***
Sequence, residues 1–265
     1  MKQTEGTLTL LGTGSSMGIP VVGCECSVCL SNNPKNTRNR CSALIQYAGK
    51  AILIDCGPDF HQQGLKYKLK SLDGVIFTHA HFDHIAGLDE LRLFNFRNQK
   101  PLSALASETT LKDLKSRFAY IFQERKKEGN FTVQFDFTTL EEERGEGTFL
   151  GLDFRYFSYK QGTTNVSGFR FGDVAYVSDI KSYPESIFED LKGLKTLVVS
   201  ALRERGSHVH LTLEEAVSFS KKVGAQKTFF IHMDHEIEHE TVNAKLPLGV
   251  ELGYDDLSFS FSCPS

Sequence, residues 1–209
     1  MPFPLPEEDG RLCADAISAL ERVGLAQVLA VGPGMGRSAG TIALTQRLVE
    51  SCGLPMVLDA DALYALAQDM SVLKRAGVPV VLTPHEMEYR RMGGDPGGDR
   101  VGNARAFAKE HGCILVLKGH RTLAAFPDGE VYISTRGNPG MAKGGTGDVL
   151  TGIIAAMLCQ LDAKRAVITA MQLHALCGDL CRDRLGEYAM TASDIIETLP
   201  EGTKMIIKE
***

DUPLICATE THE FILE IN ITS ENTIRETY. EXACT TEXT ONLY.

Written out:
Sequence, residues 1–265
     1  MKQTEGTLTL LGTGSSMGIP VVGCECSVCL SNNPKNTRNR CSALIQYAGK
    51  AILIDCGPDF HQQGLKYKLK SLDGVIFTHA HFDHIAGLDE LRLFNFRNQK
   101  PLSALASETT LKDLKSRFAY IFQERKKEGN FTVQFDFTTL EEERGEGTFL
   151  GLDFRYFSYK QGTTNVSGFR FGDVAYVSDI KSYPESIFED LKGLKTLVVS
   201  ALRERGSHVH LTLEEAVSFS KKVGAQKTFF IHMDHEIEHE TVNAKLPLGV
   251  ELGYDDLSFS FSCPS

Sequence, residues 1–209
     1  MPFPLPEEDG RLCADAISAL ERVGLAQVLA VGPGMGRSAG TIALTQRLVE
    51  SCGLPMVLDA DALYALAQDM SVLKRAGVPV VLTPHEMEYR RMGGDPGGDR
   101  VGNARAFAKE HGCILVLKGH RTLAAFPDGE VYISTRGNPG MAKGGTGDVL
   151  TGIIAAMLCQ LDAKRAVITA MQLHALCGDL CRDRLGEYAM TASDIIETLP
   201  EGTKMIIKE